The new Transpacific Partnership agreement (TPP), a trade pact with 12 countries including Mexico, Chile, Japan, South Korea, Vietnam, Australia, New Zealand and the United States, will help protect US pharmaceutical companies — likely at the cost of higher drug prices in the developing world.
The TPP gives what is called data protection to drug manufacturers. That means the data from clinical trials, from which drug approval is based, won't be released for five to eight years. The result is that cheaper, generic drugs will be more difficult to manufacture in countries that sign the agreement.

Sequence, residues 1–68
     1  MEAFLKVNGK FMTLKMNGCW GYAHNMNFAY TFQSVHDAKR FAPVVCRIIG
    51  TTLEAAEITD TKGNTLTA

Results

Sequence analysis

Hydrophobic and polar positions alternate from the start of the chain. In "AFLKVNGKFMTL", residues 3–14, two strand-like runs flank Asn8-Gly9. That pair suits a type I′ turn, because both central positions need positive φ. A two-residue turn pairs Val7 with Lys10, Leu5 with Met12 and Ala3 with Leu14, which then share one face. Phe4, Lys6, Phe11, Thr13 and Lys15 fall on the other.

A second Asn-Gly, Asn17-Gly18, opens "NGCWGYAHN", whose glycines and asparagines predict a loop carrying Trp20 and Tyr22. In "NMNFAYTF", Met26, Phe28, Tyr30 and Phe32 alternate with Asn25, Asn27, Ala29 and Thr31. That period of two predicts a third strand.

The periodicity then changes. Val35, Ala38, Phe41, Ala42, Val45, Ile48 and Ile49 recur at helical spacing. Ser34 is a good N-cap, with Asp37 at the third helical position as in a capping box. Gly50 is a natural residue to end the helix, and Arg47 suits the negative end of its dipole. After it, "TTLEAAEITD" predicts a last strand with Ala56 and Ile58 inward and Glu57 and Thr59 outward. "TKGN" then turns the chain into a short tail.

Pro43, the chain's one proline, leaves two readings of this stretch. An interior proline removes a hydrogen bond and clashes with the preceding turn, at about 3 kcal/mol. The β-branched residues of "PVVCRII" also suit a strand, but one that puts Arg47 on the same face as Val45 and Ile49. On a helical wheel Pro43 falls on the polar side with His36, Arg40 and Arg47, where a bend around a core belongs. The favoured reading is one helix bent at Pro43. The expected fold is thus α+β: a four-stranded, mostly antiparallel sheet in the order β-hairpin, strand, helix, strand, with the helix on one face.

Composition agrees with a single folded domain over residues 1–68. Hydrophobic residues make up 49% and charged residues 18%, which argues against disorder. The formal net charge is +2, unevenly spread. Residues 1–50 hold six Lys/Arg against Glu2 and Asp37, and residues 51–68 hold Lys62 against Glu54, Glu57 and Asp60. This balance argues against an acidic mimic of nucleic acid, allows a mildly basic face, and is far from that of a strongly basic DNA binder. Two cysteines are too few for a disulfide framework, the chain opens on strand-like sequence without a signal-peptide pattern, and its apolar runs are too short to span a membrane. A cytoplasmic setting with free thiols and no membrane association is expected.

"[And] without competition from a generic provider, the prices will be higher for everyday drugs," says Tim Fernholz, a writer for Quartz.
The TPP's data protection is specifically for a new class of drugs called biologicals, which are considered the next wave of medications — medications that could help treat cancer and be used to develop effective vaccines. Biologicals are basically any treatment derived from natural substances, like most vaccines, as opposed to most drugs which are created using chemistry in a lab.
But the TPP also extends other US patent protections for traditional medications and will make it more difficult to bring generic versions of those more traditional drugs to market as well.
"The big drug companies own their intellectual property and that's where they get their money from," says Fernholz. "They basically want to protect it and get as much money out of it as they can."